The Kane County Health Department, in its weekly flu survey, reported that almost 9 percent of all visits to emergency rooms at hospitals in the county were made by people experiencing flu symptoms. That survey, for the last week of December, reported 478 people tested positive for the flu that week, nearly 70 percent of them younger than 25.

Department spokesman Tom Schlueter said it’s the largest number of flu victims in the past six years for this time of year.

In the communities served by Edward, Delnor and Rush-Copley, most residents see their family doctor when they’re feeling under the weather. Many emergency rooms elsewhere, however, are being inundated with people complaining of flu symptoms. In Chicago, nearly a dozen hospitals were on bypass — a status that temporarily redirects incoming ambulances to other medical centers — on Monday night, when emergency rooms experienced a flu surge.

“Emergency departments are getting overrun with people with respiratory illness,” Arnold said.

Among those admitted for treatment at Delnor, Daniels said, a considerable number of patients are being kept in isolation because of the highly contagious nature of the illness. Particularly prevalent are people admitted for treatment who have other health conditions rendering them especially susceptible to the flu.

“People have respiratory conditions and heart conditions, things like that, and suddenly they’re having trouble breathing,” he said.

Labored breathing

The H3N2 flu takes a form similar to its cousin, the virulent H1N1 strain that triggered a worldwide pandemic in 2009 and 2010 and killed thousands of people. Those who have it have a fever, cough, shortness of breath, headache and body aches.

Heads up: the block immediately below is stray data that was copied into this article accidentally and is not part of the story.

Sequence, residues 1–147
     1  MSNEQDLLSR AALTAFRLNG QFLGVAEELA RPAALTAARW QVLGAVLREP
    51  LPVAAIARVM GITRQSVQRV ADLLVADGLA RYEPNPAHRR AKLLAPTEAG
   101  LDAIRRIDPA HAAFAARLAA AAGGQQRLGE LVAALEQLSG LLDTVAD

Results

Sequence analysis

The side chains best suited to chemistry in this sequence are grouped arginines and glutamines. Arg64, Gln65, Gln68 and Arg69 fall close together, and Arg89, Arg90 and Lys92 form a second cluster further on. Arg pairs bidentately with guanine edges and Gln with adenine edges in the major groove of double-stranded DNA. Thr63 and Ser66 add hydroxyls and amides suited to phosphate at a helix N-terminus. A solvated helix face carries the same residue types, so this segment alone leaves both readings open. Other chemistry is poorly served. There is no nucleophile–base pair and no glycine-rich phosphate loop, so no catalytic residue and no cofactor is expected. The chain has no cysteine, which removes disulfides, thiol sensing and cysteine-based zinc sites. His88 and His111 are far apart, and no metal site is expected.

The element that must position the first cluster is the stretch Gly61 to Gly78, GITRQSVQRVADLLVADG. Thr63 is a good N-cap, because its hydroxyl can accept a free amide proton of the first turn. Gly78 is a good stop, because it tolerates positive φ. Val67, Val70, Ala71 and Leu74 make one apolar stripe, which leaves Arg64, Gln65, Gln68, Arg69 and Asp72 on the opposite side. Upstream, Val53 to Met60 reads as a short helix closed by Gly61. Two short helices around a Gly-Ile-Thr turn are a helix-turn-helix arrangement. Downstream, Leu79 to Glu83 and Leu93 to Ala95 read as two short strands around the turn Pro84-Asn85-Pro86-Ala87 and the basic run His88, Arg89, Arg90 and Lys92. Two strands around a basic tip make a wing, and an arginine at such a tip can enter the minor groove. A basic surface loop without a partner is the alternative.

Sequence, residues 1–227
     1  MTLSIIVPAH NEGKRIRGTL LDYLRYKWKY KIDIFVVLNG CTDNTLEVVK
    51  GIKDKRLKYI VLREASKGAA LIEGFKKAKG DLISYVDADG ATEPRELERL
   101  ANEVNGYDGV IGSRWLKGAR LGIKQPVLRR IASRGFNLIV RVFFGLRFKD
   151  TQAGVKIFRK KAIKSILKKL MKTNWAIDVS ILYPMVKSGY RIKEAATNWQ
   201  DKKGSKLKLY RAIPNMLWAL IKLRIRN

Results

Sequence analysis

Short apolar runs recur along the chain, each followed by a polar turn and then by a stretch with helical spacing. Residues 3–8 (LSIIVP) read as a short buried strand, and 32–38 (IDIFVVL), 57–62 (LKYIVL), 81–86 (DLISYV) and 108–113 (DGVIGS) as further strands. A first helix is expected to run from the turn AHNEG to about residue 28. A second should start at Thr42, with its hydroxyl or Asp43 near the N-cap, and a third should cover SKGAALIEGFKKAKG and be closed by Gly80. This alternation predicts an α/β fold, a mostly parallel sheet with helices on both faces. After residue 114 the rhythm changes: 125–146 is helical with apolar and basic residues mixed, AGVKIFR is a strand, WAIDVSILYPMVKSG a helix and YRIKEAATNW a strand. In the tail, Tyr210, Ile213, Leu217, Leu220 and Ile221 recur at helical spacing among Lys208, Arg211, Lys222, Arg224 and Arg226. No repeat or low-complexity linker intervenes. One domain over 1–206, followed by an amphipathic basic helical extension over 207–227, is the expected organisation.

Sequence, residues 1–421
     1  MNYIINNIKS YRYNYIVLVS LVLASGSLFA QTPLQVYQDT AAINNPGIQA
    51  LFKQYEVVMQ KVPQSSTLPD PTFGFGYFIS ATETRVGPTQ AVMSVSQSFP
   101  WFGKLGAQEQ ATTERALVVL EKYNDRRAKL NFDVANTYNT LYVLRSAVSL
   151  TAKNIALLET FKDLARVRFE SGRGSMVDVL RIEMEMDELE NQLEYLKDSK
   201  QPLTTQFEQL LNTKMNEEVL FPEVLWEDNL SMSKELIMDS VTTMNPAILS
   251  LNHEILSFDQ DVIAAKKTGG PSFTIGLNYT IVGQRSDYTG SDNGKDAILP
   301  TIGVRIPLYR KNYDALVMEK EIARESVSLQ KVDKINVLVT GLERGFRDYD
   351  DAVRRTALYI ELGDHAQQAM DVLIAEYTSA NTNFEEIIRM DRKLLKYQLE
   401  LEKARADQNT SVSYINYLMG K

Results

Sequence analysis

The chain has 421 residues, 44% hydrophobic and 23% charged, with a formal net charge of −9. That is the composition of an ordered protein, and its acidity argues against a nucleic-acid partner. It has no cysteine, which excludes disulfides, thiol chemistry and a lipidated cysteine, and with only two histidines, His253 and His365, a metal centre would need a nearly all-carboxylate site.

“You take your typical cold, and then you add this tremendous aching and a feeling that you really can’t get out of bed,” Scaletta said.

Many of those who have been seen at Rush-Copley have complained specifically of breathing difficulty.

“There is somewhat of a respiratory component that we’re seeing a little more of this year,” Gomez said.

Those patients can be helped, she said, with nebulizer mist breathing treatments. The rest of those suffering through the flu might find relief in pain relievers such as acetaminophen or ibuprofen, and plenty of fluids and rest.

As usual, prevention is the best route of all. Public health officials continue to advise comprehensive and frequent hand washing and covered coughs and sneezes as the best ways to prevent spread of the illness — that, and getting a shot.

The flu vaccine isn’t in the short supply seen in other recent years, and while some people who get a shot get sick anyway, the effectiveness of this year’s formulation — a blend that includes traces of the H1N1 and H3N2 strains, among other ingredients — is about the same as usual, experts said.

“I heard a very truthful statement that came out of our infection prevention committee, and that is that there is an annual 30 percent failure,” Gomez said. “We don’t see any difference this year.”

There is agreement in the medical community, however, that 70 percent is still good odds. Scaletta said this year’s vaccine is more effective than it was in 2009, when “it was not a good match” for the H1N1 strain.

Flu shots — widely available so far at physicians’ offices and community health centers, as well as local drug store chain locations — are reportedly drawing more interest now than they were a few weeks ago.

“Physicians were saying not a lot of people were coming in,” Daniels said. “What I’m hearing anecdotally is that, perhaps because of what they’re seeing in the press, a lot of people are coming in for shots now. They’re trying to catch up.”

Learn more about the flu and flu shots.